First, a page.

There are many reasons why relationships fail. Some people will tell you their relationship failed due to infidelity, addiction, lack of attention, abusive behaviors, or severe money problems. And while these are all legitimate reasons for a relationship to fail, I propose that these reasons are just symptoms of the real reason why relationships fail. From my perspective, failed relationships have one thing in common. Relationships fail due to a difference in the desire and ability to create true intimacy. I believe that this is at the foundation of most, if not all, breakups.
We all have our own amount of desire, tolerance, ability, and commitment towards creating intimacy with our significant others. Some of you have a high level of desire and ability to create and sustain intimacy and some of you have a low level. And for many of you, this level of desire and ability will fluctuate throughout your lifetime. As you mature, you may find that your interest and capacity for intimacy grows. For others, the need to protect and retreat may override a desire for connection.
Most relationships stay intact, despite how functional or dysfunctional they may look to others, because the two individuals that reside within that relationship have the same comfort level and desire for the amount of intimacy, or lack thereof, that exists in their relationship. That is why some people will stay with an alcoholic for years, other people will tolerate infidelity, and still others will accept rather superficial and emotionally empty relationships. They do so not because they are masochists–they do so because the degree of intimacy that exists within that relationship is congruent to their own need and desire for intimacy.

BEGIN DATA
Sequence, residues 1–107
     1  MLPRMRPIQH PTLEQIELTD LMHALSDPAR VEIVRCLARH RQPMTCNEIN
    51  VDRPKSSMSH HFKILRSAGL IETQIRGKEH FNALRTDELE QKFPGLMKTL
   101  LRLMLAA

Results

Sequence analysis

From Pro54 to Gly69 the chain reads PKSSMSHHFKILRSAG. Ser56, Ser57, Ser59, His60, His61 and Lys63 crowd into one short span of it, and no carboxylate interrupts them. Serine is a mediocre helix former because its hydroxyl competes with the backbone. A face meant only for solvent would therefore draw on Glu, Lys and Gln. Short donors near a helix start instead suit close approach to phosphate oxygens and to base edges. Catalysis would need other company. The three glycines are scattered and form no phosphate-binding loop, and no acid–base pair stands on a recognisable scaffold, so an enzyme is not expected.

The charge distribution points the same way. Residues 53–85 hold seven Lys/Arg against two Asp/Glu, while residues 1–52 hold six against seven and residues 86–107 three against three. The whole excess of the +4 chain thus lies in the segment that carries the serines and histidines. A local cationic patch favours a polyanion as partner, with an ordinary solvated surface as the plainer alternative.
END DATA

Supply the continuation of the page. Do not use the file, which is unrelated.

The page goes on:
Couples get into trouble when one person wants and is capable of creating deeper levels of intimacy than their significant other. Whether the argument is about money, sex, or the kids, at its core, is the question “to be intimate or not to be intimate”. The person that craves intimacy will address and attempt to work through the conflict in a certain way. This person will seek understanding, self-reflect, self-disclose with authenticity, and seek to find a solution that moves the relationship forward. The person that repels from intimacy will address conflict in quite a different way. This person will defend, attack, ignore, deny, or act out passive-aggressively in order to avoid understanding, self-reflections, self-disclosure, authenticity, and seeking to find a solution that moves the relationship forward. This person would rather escape and avoid; this person would rather be right; this person would rather keep the peace as opposed to dealing with discomfort.
Now don’t get me wrong. I’m not pointing any fingers. We all do things to avoid intimacy from time to time. We are human. Our fight or flight reactions will win over our call to grow and heal during moments of stress. But for those that yearn true connection and intimacy, being with someone who consistently avoids intimacy will wreak havoc on the relationship. Overtime, this person will need to leave the relationship or run the risk of becoming depressed or diseased.
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This article was originally published at Julie Orlov
. Reprinted with permission from the author.